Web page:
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Tuesday, 13 June, 2000, 15:06 GMT 16:06 UK
Ethnic health inequalities revealed
Smoker
Smoking is high among some ethnic groups
A major government survey has found high rates of disease among people from ethnic minority groups.

Ministers have responded by pledging to reduce high rates of smoking among ethnic groups - a factor they see as key to the problem.


It is completely unacceptable that in modern Britain your chance of a healthy life depends on your ethnic background and your income

Yvette Cooper, Public Health Minister

The Health Survey for England found smoking rates among Bangladeshi men are nearly twice as high than in the general population and are also higher among Irish and Black Caribbean men.

Public Health Minister Yvette Cooper announced on Tuesday that 1m would be made available to fund anti-smoking initiatives aimed at ethnic communities.

Ms Cooper said: "It is completely unacceptable that in modern Britain your chance of a healthy life depends on your ethnic background and your income."

The health survey also found that the rate of heart disease among certain ethnic groups is considerably higher than average.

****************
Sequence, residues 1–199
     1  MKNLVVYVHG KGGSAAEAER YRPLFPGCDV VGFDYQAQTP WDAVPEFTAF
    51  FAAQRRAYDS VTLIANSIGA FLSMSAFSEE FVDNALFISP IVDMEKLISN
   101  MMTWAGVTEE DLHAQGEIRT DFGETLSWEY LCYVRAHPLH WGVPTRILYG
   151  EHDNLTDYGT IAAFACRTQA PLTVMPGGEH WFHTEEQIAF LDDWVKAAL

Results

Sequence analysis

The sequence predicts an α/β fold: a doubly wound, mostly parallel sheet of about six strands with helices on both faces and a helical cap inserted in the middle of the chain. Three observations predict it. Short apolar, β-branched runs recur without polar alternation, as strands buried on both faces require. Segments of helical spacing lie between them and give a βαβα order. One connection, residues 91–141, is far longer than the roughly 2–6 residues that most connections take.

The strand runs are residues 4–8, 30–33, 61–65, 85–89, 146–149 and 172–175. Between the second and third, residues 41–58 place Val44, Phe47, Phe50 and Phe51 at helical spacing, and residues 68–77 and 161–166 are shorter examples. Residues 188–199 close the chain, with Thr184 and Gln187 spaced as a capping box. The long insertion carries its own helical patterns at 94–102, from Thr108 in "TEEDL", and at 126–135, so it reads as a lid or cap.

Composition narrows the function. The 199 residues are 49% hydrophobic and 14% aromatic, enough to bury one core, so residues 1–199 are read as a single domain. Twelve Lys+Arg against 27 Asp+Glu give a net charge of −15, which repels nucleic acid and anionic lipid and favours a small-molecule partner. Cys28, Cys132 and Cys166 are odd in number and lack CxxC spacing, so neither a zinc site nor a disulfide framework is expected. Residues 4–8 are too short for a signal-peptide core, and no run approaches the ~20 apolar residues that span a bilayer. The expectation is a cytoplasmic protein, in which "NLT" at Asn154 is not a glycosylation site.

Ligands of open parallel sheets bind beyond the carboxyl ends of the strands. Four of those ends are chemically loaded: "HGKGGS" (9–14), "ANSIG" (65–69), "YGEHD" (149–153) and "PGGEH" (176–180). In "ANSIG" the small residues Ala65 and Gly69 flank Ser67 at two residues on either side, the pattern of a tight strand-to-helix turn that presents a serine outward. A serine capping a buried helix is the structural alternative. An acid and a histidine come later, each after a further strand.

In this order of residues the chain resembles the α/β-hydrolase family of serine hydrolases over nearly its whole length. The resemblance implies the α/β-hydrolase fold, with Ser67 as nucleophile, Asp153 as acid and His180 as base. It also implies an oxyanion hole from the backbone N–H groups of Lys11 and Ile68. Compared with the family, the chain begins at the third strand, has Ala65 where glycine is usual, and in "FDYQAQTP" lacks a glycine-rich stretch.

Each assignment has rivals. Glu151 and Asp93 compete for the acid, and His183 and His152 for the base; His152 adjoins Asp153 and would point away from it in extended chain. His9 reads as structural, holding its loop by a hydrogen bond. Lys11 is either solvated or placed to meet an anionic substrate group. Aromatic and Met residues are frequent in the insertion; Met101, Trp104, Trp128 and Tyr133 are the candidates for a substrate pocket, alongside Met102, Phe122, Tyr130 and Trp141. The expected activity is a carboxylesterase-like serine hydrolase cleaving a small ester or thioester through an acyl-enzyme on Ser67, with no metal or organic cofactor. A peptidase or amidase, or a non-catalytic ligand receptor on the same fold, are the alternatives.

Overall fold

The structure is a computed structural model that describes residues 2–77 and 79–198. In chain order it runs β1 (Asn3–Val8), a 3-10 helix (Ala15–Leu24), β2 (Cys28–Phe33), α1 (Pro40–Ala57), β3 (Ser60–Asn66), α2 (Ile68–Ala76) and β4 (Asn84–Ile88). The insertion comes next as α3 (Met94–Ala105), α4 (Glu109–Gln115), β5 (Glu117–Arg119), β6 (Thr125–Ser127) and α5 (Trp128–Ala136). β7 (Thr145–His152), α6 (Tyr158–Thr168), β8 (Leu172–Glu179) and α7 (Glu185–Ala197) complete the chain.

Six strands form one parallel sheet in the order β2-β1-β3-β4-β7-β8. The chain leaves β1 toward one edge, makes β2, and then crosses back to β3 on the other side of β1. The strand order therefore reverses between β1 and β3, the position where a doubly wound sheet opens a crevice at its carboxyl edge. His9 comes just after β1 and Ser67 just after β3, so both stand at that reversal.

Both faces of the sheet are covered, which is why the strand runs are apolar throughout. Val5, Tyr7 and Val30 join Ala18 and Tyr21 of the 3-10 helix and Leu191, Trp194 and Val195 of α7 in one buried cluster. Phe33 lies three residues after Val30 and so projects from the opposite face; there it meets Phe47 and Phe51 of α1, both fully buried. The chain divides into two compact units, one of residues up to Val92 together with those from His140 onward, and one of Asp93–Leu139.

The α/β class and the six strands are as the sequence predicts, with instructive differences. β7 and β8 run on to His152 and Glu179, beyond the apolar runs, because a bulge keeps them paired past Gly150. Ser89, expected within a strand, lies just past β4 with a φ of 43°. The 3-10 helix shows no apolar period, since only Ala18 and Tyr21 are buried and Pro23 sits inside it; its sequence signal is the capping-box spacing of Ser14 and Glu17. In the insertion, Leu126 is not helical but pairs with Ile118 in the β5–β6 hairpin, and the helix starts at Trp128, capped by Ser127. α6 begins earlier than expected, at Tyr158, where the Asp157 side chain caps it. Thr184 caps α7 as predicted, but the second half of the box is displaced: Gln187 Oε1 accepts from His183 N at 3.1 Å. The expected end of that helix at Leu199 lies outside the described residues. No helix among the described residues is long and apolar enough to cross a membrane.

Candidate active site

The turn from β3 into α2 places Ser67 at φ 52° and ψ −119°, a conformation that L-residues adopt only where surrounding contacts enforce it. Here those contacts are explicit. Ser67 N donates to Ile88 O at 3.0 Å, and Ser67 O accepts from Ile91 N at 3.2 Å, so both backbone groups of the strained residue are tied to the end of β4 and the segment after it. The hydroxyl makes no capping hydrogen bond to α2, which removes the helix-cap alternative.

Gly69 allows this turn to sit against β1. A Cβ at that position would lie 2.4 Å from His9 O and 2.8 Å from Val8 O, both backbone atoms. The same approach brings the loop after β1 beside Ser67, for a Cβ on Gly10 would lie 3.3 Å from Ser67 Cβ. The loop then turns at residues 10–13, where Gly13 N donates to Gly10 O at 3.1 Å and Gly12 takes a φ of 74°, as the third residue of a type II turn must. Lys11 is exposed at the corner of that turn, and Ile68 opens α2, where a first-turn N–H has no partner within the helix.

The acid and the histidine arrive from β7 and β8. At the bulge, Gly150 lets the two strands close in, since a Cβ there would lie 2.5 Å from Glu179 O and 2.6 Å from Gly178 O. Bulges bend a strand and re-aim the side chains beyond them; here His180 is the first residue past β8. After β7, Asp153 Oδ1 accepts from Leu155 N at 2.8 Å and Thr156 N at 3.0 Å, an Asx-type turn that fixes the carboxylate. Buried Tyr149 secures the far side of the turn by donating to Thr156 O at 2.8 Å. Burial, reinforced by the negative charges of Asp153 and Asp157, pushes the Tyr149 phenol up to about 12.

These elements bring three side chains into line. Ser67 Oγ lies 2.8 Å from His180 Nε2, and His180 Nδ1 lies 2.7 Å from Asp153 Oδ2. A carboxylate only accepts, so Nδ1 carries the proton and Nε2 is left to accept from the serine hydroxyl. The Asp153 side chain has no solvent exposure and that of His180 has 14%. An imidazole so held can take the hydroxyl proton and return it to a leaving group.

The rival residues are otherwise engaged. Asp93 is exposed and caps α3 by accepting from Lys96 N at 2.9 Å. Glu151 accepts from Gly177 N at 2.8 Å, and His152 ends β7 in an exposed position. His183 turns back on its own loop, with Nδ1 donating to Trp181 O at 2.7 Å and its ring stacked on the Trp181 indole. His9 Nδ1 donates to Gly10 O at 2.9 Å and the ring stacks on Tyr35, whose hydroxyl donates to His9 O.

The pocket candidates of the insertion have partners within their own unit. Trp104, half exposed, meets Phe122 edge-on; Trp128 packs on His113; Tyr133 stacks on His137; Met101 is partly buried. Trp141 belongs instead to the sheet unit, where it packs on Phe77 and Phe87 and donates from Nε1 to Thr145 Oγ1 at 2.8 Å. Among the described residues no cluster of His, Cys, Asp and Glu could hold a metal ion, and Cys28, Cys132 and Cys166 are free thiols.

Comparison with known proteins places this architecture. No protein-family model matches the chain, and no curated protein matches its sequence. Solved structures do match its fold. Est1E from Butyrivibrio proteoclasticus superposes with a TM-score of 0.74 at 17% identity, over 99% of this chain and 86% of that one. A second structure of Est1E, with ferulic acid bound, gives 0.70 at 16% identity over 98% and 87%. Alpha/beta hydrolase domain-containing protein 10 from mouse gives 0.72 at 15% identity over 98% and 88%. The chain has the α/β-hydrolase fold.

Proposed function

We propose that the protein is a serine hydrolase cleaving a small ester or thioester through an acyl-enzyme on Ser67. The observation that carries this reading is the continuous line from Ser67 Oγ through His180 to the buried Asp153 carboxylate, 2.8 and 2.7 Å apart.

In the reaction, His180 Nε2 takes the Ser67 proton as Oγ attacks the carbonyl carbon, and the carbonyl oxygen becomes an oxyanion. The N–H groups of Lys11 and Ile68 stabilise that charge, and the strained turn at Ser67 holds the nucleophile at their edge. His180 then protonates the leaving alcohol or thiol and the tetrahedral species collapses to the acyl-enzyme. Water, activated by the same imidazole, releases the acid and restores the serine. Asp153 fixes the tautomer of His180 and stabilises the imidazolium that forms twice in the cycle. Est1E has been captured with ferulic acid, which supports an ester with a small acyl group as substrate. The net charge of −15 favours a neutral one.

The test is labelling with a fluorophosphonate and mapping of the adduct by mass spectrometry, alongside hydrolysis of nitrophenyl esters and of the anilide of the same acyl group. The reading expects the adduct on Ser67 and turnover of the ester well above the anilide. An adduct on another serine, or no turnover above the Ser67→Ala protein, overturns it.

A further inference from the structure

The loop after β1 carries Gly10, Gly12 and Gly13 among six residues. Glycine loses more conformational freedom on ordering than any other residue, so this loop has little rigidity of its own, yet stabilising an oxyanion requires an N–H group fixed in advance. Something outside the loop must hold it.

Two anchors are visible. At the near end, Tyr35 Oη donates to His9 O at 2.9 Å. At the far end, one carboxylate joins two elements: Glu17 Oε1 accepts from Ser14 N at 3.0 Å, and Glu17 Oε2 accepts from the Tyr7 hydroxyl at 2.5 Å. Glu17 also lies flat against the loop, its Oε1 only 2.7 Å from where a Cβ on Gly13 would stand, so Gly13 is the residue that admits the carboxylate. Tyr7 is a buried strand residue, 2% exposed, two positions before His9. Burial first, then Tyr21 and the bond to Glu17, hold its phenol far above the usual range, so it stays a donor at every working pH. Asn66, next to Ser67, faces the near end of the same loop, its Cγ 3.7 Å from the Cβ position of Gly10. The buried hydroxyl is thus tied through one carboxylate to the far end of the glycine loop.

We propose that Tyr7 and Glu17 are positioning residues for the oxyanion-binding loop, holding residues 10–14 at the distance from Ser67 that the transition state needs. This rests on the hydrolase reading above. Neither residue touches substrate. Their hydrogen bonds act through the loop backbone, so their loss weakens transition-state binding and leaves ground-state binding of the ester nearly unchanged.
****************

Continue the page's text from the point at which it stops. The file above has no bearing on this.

Higher rates of diabetes were reported in all ethnic groups.
Yvette Cooper
Yvette Cooper announced 1m to cut smoking
Ms Cooper said she had asked all health authorities to draw up Health Improvement Programmes which will address inequalities.

"I have also asked the new Health Development Agency to look at ethnic minority health as a priority area in its first year.

"We need greater focus on the health needs and concerns of ethnic minority communities - both in terms of prevention and treatment if we are tackle these inequalities."

Ms Cooper said tackling health inequalities would mean also tackling poverty and unemployment.

Amanda Sandford, of the anti-smoking charity Action on Smoking and Health (ASH) said: "Smoking is one of the principal causes of differences in mortality rates between the more advantaged and those who are less advantaged."

Among other key findings of the survey were:

  • higher rates of ischaemic heart disease (angina and heart attack) among Indian, Bangladeshi and Irish men
  • higher rates of stroke in Black Caribbean, Bangladeshi and Indian men
  • higher rates of IHD among Irish women
  • Irish men and Black Caribbean and Pakistani women were more likely to be obese

All minority ethnic groups consumed less alcohol than the general population except for Irish men.

A spokeswoman for the Commission for Racial Equality said: "We welcome the attention the health minister is giving to the health needs of ethnic minority communities.

"However, a lot more needs to be done. This one example of good practice on smoking needs to be emulated across all the specific health issues facing ethnic communities in the UK."

The 1999 Health Survey for England interviewed over 5,000 adults and 3,000 children from Black Caribbean, Indian, Pakistani, Bangladeshi, Chinese and Irish communities.

The preliminary results are based on the analysis of over 4,000 interviews.

See also:

01 Jun 00 | Health
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